Donald Trump’s Meeting with Kim Jong Un a Delightful Spectacle?
US President Donald Trump had earlier in the month announced his planned meeting with his North Korean counterpart Kim Jong Un in Vietnam. The duo arrived in the Vietnamese capital, Hanoi where the two will seek to finally bring to an end the long-lasting Cold War once and for all.
This meeting is the second of its kind in the history of both countries, the first of which was last year in Singapore. Before now, these two giant economies have had very little change in their stances on national issues. In terms of the denuclearization for peace deal, little has been done in that aspect, hence the second summit. Trump has expressed optimism in the prospect of having North Korea abandon its nuclear weapons.
There are expectations on the part of the North Korean leader for a seemingly positive outcome for what he almost certainly desires. Kim Jong Un is hopeful that he would secure an official declaration that will put the ongoing war between the United States and the Korean Countries to an end. Should that happen, the conflict will be reduced and the North Korean leader may have no need to push further the nuclear weapons testing, which his country has said were necessary for its survival in this generation.
The Director of Korea Studies at the Centre for the National Interest, Harry Kazianis told a media house, “I would argue history will be made in Hanoi, meaning a peace declaration is all but certain to be signed. Nothing could be more crucial for the long-term trajectory of U.S.-North Korea relations.”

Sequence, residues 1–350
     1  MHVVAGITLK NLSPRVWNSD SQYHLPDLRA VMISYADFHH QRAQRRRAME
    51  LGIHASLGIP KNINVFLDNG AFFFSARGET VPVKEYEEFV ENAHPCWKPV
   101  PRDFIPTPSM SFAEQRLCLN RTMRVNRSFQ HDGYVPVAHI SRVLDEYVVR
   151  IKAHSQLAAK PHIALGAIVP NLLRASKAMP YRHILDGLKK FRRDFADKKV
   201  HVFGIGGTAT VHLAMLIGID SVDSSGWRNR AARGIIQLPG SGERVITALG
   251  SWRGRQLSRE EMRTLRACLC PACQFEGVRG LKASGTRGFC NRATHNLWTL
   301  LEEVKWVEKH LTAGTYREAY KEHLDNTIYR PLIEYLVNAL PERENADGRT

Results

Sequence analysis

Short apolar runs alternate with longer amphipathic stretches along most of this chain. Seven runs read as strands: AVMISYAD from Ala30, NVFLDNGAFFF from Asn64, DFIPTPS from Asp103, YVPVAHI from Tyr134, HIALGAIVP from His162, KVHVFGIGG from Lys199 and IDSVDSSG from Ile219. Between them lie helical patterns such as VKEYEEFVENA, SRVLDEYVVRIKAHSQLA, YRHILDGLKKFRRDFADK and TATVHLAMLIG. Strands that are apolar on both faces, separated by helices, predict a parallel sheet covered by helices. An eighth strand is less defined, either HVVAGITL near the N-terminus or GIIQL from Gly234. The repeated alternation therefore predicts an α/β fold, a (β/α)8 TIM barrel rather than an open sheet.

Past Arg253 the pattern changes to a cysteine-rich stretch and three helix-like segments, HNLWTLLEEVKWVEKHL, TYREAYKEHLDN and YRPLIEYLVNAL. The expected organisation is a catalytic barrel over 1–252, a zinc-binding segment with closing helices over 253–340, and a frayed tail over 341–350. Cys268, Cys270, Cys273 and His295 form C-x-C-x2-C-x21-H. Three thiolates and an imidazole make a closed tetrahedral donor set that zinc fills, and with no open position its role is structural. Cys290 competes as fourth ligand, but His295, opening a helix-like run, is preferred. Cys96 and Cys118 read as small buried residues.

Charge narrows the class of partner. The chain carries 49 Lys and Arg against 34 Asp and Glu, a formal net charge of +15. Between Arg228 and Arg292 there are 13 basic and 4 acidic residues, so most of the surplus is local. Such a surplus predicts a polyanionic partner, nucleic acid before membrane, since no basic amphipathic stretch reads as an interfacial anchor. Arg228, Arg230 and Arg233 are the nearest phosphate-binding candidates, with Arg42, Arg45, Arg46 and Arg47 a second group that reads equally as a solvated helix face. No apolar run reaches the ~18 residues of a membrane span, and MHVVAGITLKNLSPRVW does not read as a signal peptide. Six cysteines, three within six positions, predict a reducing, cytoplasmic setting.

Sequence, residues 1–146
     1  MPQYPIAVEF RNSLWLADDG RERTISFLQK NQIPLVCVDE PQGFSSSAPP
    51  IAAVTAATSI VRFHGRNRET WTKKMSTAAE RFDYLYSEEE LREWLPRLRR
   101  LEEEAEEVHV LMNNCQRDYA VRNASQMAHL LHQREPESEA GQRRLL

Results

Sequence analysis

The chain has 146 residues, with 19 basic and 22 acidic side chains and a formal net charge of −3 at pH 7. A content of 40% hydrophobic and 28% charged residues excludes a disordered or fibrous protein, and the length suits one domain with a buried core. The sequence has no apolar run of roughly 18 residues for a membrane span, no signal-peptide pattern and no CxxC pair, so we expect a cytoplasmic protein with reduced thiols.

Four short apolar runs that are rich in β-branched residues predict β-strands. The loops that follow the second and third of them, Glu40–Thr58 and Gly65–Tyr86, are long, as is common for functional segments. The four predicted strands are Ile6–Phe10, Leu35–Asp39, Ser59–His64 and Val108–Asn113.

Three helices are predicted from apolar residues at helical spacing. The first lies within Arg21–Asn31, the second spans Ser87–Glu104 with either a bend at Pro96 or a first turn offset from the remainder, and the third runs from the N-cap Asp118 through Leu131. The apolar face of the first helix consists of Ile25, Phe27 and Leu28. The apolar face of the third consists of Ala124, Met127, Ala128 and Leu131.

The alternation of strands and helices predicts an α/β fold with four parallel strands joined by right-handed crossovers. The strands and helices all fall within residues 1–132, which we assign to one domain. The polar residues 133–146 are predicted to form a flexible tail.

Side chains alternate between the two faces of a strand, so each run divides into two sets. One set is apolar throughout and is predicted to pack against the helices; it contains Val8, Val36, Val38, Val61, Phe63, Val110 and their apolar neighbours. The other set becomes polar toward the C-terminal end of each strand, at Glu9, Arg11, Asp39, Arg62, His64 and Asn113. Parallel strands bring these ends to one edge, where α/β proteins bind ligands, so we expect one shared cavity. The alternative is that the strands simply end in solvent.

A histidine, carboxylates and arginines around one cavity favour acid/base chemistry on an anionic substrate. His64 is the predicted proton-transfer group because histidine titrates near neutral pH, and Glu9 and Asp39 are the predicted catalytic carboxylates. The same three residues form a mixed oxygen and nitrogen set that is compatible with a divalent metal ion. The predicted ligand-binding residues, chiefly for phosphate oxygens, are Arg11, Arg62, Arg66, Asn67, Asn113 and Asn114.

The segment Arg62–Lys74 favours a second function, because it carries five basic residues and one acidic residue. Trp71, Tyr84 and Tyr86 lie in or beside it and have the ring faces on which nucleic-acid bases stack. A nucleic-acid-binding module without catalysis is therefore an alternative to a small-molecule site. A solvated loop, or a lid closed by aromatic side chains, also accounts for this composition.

“If America is going to have any hope in convincing North Korea to give up its nuclear weapons, Washington needs to find a way to convince Pyongyang that it is serious about forging a new relationship and that decades of tension can finally end,” he added. “There is only one way to do that: the signing of a peace declaration ending the Korean War once and for all,” he added.
After the fall out between Vietnam and North Korea, Kim Jong Un has become the first to visit Vietnam since his grandfather last visited over fifty years ago. In this visit, he is accompanied by his most trusted aides, including his sister. This move is lauded as one that none of his predecessor could do.
Donald Trump however is facing media criticism back in his home country, especially for falling short of his promise to secure the denuclearization he had promised.
Concerned individuals have called on Trump to take this second meeting seriously and stay on the “script”.
The Director of Non-proliferation Policy at the Arms Control Association, Kelsey Davenport said, “It would a significant step forward if Trump and Kim committed to pursue a step-by-step approach that trades concrete, verifiable actions that roll back North Korea’s nuclear weapons program for limited sanctions relief and U.S. actions that contribute to peacebuilding in the region.”
There has been public declaration by the Trump administration of a possibility of having an end of war declaration. This is what Davenport referred to as “a meaningful first step in signalling to Kim that North Korea’s security concerns will be addressed as part of the negotiating process,” adding that “an end of war declaration would also demonstrate U.S. support for South Korea and the inter-Korean dialogue.”
The two Korean countries have started to fix their damaged ties. This is evident in the number of summits they have held – three in the last year alone. South Korea however has not waived some of the unilateral sanctions it has kept against North Korea since 2010.
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